When the music didn’t help, I began trying other things: chamomile tea, noise machines, lavender pillow spray, reading out loud from the bible or encyclopedia, or singing to myself. Finally, my mom came home from work one day with a solution. Her boyfriend’s mother, a self-proclaimed herb specialist, concocted a fool-proof sleep aid for me. Equal parts water, lavender, chamomile, and a half-teaspoonful of valerian. Three drops on the top of the tongue, four on the bottom, 15 minutes before bed. Don’t forget to say your prayers.
The potion tasted like water, and I suspect it probably was because, despite my gulping, it didn’t work at all.
When I came to, everything was inky black and it took a minute for my eyes to adjust to my surroundings. I stretched my arms out and struck solid walls on both sides of me, desperately searching for something familiar. I had no idea where I was or how I had gotten there, but my sleep-filled eyes saw three dust-covered brooms, two mildewed mops and a slew of cleaning products. The smell of spilled chemicals and mothballs made me sneeze, and when I stood up I knocked over a bucket.
“Am I awake?” And with that question, the fear set in. I am definitely awake, and I definitely fell asleep in the hotel room’s queen-sized bed next to my sister, room number 732. I pinched myself to make sure, and when I looked down and saw two white indentions in my forearm, I knew there was no way I was dreaming. With the haziness of sleep and the growing fear that I had been kidnapped still affecting me, I found the doorknob and struggled with it. I escaped from the broom closet and the florescent light of the second floor corridor momentarily blinded me.
When I made my way back up to my seventh floor room, after what seemed to be a lifelong elevator ride, I was in tears. My green plaid sleep shorts were covered in dust from the floor, and I had forgotten to grab my hotel room key as I was sleep-waltzing out of the door at midnight. I sat on the floor outside of my room, crying and waiting, until my dad came back from the casino two hours later.
When I am sleeping, it is never passive. Sleep is never restful or peaceful, and I do not feel replenished when I wake up in the morning. I am an active sleeper, when I can get there. My nights are filled with dangerous sleepwalking, the occasional night terror and dreams so vivid I can sometimes not differentiate them from waking life. These sleep disturbances have shaped my entire life. I wake up exhausted, my whole body aching, the dark circles under my eyes becoming more and more prominent with each passing night. Throughout the day, I am nearly devoid of energy, but by midnight I am wide awake. I feel like I expect I would after a full night’s rest, but I can’t be so sure. And despite all of my attempts to make sleep come easier, I am up for hours just thinking. I have never been able to turn my mind off.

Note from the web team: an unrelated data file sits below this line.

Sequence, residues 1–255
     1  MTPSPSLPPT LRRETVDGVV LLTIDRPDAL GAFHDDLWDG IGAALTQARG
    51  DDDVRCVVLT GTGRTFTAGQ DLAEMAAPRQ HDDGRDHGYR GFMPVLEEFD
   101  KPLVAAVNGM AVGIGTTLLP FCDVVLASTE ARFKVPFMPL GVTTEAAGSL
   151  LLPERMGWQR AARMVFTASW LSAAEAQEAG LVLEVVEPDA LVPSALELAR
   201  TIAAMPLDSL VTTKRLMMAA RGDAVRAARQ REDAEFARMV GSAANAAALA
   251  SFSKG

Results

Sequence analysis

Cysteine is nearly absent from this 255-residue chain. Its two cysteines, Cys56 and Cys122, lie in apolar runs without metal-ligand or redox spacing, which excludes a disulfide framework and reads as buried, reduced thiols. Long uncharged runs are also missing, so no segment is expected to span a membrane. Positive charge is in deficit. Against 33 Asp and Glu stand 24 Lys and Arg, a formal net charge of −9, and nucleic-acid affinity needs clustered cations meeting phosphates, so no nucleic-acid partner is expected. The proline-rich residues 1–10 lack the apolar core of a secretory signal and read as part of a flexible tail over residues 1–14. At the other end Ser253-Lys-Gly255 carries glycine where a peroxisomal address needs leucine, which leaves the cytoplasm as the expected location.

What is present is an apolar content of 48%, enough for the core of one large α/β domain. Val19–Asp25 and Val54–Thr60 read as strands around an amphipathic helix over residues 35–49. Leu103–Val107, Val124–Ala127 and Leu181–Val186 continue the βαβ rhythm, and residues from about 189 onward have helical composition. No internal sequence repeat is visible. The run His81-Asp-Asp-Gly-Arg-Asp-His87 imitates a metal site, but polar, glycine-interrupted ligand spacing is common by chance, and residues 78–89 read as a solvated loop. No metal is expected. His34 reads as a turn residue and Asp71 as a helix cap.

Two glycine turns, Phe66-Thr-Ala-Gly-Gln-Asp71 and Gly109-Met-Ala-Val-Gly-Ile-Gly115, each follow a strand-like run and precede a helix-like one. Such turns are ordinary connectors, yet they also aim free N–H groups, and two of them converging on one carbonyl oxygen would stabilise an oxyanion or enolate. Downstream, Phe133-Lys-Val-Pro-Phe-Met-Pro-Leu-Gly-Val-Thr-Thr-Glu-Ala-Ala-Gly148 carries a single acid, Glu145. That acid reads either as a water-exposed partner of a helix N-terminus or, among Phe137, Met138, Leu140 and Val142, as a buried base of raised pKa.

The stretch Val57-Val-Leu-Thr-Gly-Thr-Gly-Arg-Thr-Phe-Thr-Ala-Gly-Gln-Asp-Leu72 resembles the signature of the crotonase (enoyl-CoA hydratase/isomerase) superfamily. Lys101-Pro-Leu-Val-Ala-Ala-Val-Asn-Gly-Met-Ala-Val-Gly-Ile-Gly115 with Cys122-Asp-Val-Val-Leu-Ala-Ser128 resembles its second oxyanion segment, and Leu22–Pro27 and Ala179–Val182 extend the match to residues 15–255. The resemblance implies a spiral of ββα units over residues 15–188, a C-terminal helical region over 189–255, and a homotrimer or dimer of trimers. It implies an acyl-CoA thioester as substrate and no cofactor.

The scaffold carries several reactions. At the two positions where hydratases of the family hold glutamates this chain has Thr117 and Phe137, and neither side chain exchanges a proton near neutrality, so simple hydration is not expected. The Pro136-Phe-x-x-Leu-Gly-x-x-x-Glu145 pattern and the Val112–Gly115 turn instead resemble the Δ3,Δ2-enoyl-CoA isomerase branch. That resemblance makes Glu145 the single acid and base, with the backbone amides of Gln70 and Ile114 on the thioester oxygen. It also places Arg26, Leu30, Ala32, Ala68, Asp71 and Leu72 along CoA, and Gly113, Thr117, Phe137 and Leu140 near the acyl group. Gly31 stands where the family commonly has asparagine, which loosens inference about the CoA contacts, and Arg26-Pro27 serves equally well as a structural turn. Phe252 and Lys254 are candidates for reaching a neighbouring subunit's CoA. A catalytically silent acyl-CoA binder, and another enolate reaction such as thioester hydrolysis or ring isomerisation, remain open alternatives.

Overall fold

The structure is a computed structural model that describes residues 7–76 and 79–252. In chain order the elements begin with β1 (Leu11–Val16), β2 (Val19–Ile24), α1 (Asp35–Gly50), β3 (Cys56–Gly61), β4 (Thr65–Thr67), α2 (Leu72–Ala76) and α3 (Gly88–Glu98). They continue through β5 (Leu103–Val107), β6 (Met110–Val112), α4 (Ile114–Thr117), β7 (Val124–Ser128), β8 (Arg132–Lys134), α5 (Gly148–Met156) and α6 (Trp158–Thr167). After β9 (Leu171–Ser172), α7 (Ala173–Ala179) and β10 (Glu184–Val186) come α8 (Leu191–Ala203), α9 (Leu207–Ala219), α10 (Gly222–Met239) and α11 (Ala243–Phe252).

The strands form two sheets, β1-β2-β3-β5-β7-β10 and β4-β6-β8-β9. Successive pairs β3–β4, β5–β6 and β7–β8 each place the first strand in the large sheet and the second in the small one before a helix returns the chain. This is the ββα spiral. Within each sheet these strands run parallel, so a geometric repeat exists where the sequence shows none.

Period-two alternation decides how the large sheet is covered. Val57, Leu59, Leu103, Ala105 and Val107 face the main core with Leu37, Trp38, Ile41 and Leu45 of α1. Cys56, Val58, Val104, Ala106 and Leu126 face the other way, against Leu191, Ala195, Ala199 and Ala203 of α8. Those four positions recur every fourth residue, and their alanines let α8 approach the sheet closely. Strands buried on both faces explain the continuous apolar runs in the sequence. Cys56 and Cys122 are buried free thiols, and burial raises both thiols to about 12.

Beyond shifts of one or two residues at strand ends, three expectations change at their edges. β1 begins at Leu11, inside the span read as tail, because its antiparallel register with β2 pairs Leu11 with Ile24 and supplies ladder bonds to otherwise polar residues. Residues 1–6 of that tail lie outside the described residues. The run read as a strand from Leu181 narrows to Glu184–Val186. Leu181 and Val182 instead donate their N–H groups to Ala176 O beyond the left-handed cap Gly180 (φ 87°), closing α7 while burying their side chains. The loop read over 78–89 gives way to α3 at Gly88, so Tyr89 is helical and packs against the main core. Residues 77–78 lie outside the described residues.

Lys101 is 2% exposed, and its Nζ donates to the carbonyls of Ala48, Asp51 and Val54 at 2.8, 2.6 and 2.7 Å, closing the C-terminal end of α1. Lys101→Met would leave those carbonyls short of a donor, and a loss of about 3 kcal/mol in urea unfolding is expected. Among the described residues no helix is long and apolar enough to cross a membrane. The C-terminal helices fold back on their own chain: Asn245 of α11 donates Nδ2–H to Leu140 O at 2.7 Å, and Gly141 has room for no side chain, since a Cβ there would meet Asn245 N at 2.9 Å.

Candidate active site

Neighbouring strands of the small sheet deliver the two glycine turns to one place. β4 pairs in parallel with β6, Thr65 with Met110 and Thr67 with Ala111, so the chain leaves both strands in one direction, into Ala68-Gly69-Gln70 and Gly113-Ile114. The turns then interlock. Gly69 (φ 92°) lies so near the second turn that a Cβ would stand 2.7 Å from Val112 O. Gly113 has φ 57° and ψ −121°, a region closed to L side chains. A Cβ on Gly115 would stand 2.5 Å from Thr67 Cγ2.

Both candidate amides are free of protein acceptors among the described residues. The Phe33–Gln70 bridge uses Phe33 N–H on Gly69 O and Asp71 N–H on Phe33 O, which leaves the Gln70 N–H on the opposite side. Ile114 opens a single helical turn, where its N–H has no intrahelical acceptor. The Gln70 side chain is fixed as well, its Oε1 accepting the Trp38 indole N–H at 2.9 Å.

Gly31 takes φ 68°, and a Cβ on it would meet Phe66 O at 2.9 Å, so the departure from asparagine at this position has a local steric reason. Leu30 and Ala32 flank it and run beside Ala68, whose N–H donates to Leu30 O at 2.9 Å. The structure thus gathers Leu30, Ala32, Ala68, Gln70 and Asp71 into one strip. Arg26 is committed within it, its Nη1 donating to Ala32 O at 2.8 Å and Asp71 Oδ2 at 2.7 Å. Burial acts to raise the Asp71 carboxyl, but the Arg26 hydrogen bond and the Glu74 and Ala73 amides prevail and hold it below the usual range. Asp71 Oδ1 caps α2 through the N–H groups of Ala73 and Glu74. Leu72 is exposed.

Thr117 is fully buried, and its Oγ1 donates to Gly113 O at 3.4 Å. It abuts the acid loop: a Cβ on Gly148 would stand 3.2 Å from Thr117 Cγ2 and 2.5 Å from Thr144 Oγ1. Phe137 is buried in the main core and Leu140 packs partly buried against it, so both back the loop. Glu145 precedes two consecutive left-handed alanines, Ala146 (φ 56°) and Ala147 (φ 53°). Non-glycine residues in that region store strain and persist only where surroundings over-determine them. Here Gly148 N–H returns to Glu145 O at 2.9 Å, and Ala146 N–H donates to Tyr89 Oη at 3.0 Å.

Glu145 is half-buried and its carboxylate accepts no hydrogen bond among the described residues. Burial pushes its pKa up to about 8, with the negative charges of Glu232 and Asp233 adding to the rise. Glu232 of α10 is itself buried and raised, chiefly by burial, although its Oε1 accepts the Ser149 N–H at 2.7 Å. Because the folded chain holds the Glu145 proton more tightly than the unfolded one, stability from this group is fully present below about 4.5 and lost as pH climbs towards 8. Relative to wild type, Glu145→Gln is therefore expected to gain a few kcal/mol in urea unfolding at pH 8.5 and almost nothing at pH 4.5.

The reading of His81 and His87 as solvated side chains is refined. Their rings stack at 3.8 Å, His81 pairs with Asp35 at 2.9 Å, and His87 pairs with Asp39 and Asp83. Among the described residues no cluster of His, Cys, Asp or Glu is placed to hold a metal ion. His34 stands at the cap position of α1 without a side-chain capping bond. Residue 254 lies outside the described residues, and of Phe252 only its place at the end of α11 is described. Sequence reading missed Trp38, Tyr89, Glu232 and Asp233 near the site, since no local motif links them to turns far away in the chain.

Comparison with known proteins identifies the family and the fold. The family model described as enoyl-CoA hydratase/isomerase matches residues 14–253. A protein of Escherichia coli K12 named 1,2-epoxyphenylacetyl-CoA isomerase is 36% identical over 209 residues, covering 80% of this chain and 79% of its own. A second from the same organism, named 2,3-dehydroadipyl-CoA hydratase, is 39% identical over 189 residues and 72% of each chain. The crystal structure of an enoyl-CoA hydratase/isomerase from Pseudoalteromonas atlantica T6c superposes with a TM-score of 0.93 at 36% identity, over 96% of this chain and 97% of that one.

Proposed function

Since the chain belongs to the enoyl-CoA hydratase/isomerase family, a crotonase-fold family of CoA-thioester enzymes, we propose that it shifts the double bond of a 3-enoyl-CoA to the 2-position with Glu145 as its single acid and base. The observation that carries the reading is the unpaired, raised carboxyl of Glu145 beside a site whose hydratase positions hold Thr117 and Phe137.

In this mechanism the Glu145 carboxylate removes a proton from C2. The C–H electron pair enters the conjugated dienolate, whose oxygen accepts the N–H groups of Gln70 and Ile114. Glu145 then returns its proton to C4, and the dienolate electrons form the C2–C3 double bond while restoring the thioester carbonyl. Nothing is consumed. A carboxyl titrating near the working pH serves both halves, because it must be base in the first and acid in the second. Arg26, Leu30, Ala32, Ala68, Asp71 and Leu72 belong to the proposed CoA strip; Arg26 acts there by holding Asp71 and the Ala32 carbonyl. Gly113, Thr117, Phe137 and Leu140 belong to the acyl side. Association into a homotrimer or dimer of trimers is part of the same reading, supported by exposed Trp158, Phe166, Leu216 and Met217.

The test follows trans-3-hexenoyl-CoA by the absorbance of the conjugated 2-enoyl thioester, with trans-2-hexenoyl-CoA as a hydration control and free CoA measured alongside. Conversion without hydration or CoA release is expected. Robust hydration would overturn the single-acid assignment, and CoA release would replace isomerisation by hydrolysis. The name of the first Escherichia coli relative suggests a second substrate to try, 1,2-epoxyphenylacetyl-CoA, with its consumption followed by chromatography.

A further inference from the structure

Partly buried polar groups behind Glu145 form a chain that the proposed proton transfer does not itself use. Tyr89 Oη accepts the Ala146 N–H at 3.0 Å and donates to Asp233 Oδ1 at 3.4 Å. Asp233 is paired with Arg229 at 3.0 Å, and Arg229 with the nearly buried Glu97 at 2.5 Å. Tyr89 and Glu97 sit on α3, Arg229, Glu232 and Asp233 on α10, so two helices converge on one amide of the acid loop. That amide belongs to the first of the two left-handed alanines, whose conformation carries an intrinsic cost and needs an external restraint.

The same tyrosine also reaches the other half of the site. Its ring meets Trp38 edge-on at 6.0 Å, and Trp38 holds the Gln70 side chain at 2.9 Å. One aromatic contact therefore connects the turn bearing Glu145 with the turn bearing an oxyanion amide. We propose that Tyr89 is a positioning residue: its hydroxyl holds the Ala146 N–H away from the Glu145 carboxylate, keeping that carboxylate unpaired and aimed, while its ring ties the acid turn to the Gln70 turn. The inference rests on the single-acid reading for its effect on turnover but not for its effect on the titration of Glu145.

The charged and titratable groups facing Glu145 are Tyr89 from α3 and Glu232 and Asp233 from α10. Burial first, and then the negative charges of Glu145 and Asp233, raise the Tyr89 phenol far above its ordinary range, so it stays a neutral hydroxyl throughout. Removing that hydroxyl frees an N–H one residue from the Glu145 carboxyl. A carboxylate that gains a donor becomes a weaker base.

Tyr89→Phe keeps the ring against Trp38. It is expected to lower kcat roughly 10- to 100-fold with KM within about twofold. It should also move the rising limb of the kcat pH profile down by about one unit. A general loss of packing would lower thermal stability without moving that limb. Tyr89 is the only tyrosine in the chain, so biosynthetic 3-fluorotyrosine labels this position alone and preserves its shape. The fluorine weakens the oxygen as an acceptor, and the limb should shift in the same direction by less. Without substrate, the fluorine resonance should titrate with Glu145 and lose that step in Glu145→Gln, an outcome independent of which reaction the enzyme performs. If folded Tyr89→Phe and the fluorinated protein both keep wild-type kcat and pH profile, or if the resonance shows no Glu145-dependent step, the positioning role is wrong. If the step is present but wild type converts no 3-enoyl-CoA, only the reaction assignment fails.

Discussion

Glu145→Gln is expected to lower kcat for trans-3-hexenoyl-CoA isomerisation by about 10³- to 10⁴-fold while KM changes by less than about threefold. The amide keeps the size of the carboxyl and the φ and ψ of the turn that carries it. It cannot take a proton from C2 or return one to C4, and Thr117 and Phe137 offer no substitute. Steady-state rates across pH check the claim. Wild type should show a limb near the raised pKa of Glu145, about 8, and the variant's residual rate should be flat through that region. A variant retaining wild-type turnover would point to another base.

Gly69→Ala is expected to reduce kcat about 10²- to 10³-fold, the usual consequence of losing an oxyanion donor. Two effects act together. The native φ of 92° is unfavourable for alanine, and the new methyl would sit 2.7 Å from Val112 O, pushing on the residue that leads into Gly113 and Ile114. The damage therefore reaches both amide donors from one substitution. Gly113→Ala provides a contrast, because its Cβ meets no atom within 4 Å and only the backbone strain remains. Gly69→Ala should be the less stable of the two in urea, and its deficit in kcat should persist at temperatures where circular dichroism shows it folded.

It’s a classic. I’m being chased down the pea-green linoleum halls of my high school. I can’t turn my head, but I know whoever is chasing me is getting close. I keep running. Giant fingers are grasping my shoulders, squeezing and grabbing. My arms are flailing maniacally, scratching behind my head, reaching, stretching, yearning to feel my nails wound my assailant. But I can’t touch anything, and next thing I know I am falling
Into the blackness of my pillow.
I’m shaking violently when I wake up, and at first I think I may be having a panic attack. But my sporadic heartbeat eventually slows to its normal pace and I reach up to turn the light on. My Chinese lantern, paper, which fits around my light bulb and creates an eerie, harvest moon glow to the room, is shredded, pulled apart to mere strings. The strings are dancing in the air the fan is blowing, going round and round at a languid pace.
After the teas, the sprays and the potions failed me, I started ritualizing bedtime, and there are certain rituals I still use. For my eighth grade birthday, I invited seven girls to my mom’s house for a sleep over. After a few hours of horror movies (Salem’s Lot was the favorite of the night) and Fritos with bean dip and yellow cake with chocolate icing, the theme of the party turned to trances.
I was the master of the ritual. We turned off all the lights, save for a few flickering candles to set the mood. I sat in the middle of the bedroom, Indian style like a wise shaman, with Torie’s head in my lap. Her eyes were closed, the remaining six girls were tightening their circle around us in excitement, and I was massaging her temples.
“Count backward from 100. Do it slowly and let your mind wander. Do not think about the numbers. Tense each muscle in your body, one by one as methodically as possible. Hold the straining for ten seconds then slowly release. Feel your body melt away.” She listened to my commands, and when she started to lose count, I told her to stop. “Where are you? What do you see?”